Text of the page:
anything to do with the pair of them. So John and Dorothy went
to Aylestone where they were married by the priest, William Heathcott,
without ceremony or any big reception, but it seems these things were
unimportant, for Dorothy and her husband lived very happily together.
Manners was supported in the county by his brother-in-law and close friend, George Talbot, 6th Earl of Shrewsbury, who appointed Manners a deputy when he became lord lieutenant of Derbyshire in 1585. The other deputy lieutenant was Sir John Zouche. Manners, the Earl explained, was appointed ‘for trusting’, Zouche ‘to please others’. When, in the following year, Zouche died and Shrewsbury's attention was distracted by illness and family feuds, Manners controlled the county administration. John Manners increasing power in the county in the 1580s apparently excited his cousin Francis Leake’s jealousy. At the musters held at Chesterfield in 1586, Leake openly defied Manners, declaring that he was ‘as good as he’. Shrewsbury, tried to reconcile the two men, but Manners was not easily mollified, and the quarrel continued for over a year.
John acted as collector of the 1589 loan, for which he was excused his own payment. On Shrewsbury's death in 1590, Manners lost his pre-eminence, and his relations with Gilbert, the 7th Earl, who succeeded as lord lieutenant, were cooler, though the two men continued to work together. Despite an early dispute, Leake was on friendly terms with the lord lieutenant, Gilbert Talbot, 7th Earl of Shrewsbury, and in 1603 he achieved his particular ambition of parity with John Manners when he was appointed a deputy lieutenant.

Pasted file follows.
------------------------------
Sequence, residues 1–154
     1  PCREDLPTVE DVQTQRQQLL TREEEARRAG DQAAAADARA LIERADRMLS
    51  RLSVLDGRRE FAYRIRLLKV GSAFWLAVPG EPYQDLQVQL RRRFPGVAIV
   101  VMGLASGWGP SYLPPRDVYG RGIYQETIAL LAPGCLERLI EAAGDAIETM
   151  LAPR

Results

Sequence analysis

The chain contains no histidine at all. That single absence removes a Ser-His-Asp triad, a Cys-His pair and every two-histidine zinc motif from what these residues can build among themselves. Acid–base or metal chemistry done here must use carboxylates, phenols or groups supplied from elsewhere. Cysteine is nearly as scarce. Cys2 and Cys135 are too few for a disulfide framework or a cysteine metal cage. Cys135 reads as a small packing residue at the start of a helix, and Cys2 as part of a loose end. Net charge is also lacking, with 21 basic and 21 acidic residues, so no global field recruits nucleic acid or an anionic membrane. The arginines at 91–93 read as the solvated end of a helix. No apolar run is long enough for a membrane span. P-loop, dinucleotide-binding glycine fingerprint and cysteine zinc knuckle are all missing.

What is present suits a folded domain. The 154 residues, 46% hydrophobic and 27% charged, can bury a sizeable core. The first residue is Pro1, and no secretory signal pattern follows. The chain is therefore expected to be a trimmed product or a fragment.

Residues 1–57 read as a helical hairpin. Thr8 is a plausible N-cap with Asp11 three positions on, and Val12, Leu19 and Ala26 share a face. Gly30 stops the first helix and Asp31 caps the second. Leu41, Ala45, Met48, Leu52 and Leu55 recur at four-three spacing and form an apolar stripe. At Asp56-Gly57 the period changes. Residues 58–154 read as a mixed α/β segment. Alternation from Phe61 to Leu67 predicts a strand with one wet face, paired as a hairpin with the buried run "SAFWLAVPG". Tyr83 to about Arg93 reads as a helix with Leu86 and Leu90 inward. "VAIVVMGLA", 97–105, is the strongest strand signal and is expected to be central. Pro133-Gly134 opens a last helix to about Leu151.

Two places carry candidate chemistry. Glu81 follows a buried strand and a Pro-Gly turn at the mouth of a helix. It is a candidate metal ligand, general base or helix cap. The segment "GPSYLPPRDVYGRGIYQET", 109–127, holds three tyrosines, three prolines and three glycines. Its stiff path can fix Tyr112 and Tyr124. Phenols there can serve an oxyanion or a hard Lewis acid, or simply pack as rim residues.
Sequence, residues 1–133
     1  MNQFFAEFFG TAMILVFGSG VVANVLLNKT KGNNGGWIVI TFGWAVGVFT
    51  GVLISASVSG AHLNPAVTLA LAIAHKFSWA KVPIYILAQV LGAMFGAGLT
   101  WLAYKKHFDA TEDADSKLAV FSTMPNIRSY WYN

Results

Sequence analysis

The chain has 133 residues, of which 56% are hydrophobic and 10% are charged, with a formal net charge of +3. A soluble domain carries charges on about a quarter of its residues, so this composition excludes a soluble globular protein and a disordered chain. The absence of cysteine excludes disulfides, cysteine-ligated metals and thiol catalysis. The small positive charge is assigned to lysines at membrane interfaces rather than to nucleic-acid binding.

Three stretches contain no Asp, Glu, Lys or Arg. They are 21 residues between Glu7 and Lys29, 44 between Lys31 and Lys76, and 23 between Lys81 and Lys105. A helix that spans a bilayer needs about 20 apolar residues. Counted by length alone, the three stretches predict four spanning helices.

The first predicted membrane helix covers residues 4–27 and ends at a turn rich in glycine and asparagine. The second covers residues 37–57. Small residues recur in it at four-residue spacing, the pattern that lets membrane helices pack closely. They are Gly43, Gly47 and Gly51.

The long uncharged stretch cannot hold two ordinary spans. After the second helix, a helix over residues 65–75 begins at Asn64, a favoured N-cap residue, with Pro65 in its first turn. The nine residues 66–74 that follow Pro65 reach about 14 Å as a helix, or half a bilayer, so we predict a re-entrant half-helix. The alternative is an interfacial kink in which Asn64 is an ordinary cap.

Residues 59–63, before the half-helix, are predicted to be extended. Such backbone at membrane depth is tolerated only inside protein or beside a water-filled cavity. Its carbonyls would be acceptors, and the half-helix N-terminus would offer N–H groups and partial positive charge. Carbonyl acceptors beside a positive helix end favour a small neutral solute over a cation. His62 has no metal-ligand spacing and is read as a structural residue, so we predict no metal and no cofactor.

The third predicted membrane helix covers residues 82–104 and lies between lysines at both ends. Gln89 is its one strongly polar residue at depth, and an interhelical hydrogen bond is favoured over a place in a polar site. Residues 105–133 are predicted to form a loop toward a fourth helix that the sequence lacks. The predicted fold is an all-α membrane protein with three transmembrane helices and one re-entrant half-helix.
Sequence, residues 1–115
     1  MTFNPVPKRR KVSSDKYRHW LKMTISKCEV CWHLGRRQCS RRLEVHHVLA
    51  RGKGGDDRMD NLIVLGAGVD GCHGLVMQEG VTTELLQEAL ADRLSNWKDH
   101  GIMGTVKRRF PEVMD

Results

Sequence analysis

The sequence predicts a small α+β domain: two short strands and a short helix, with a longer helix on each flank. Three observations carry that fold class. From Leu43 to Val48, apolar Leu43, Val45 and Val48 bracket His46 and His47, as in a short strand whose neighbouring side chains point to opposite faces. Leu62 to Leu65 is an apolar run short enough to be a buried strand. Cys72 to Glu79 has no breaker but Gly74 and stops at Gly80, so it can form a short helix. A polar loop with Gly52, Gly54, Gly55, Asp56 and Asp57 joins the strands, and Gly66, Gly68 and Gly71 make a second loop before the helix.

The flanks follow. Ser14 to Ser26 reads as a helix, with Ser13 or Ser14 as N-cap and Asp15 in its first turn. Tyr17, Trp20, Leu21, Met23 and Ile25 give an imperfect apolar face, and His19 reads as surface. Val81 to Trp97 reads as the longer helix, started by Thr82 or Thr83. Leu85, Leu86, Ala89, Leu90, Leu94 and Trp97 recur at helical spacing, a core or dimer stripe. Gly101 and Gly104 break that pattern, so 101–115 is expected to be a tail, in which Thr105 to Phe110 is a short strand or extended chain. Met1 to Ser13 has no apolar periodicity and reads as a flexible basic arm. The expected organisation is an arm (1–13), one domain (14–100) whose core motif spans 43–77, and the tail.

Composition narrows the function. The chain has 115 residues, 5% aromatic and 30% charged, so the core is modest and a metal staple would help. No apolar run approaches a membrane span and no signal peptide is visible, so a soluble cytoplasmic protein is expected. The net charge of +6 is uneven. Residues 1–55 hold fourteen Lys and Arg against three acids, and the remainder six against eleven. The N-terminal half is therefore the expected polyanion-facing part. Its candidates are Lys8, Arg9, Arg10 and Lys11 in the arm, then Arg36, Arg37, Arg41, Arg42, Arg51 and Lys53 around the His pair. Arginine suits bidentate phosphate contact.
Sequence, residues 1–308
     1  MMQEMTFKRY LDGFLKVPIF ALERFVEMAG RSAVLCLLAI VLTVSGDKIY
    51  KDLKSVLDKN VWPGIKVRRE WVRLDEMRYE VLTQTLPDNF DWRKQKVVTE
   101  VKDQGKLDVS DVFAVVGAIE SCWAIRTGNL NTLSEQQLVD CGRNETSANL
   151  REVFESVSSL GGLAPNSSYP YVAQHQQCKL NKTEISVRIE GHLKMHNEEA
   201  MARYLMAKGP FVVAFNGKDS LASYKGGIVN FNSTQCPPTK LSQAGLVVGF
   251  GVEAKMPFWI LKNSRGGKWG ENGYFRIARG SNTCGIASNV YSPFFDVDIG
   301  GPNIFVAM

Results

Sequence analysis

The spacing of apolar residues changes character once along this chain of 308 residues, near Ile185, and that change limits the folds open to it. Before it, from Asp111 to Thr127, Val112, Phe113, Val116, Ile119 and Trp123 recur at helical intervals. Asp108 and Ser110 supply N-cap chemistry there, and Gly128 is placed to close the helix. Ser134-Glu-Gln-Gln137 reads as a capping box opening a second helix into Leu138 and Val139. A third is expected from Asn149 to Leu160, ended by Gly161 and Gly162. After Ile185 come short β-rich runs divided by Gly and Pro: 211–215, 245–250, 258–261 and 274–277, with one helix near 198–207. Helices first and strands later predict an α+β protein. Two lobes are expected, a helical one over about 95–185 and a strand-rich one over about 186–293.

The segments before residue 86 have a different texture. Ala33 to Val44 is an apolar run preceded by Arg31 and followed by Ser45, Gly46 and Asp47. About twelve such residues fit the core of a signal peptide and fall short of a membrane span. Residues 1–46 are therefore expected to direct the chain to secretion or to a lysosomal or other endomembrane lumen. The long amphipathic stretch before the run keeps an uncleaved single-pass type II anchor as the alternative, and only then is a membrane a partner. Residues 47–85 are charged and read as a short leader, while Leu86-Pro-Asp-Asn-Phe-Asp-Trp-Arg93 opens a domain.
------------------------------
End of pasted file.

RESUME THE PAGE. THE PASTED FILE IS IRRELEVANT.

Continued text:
In the later years of his life Manners rarely left Haddon, ‘almost out of the world, where I hear little and see less’. He controlled profitable lead mining operations which involved him in the usual friction over patents, and finally in lawsuits brought by Sir John Zouche, Richard Wennesley and others. ‘I fear your over-travail’, his brother Roger wrote in 1590, ‘and you fear my idleness ... Mend you the one, and by God's grace I will mend the other.’ In 1599, illness and advancing age persuaded him to ask Shrewsbury to appoint more deputy lieutenants to share the burden of county administration.
Sir John Manners and his brother Roger founded the hospital of St. John at Bakewell, for six poor men who were made a body corporate, and endowed in 1602, at the expence of 600 pounds with anuities or rent-charges to the amout of 40 pounds per annnum. The poor men have pensions of 6 pounds per annum each, the remaining four pounds are appropriated to a laundress: Sir John Manners left by will (1611) the sum of 30 pounds to purchase pewter, brass, and linen, for the use of the hospital.
Manners died at Haddon on 4 Jun 1611 and was buried with his wife in Bakewell church, in the chapel where are also various monuments, as of of Sir Thomas Wendesley, mortally wounded, whilst fighting on the side of the House of Lancaster, at the battle of Shrewsbury; Sir John Vernon, Knt. (son and heir of Henry) 1477; Sir George Vernon of Haddon, who died in 1561, and his two wives, Margaret daughter of Sir Gilbert Talbois, and Maud, daughter of Sir Ralph Longford. His will, drawn up in Feb 1609, made bequests to the poor, including £30 to provide six beds in the almshouses at Bakewell and an annuity of £22 to the governors and poor of St. John's hospital in the same village. Gifts of money and ornaments were made to his daughter, her husband and son, and to the Earl of Rutland. Whitwell manor, which he had acquired from the Whalley family in 1592, he bequeathed to his second son Roger, together with furniture and £500. Haddon went to the heir, George.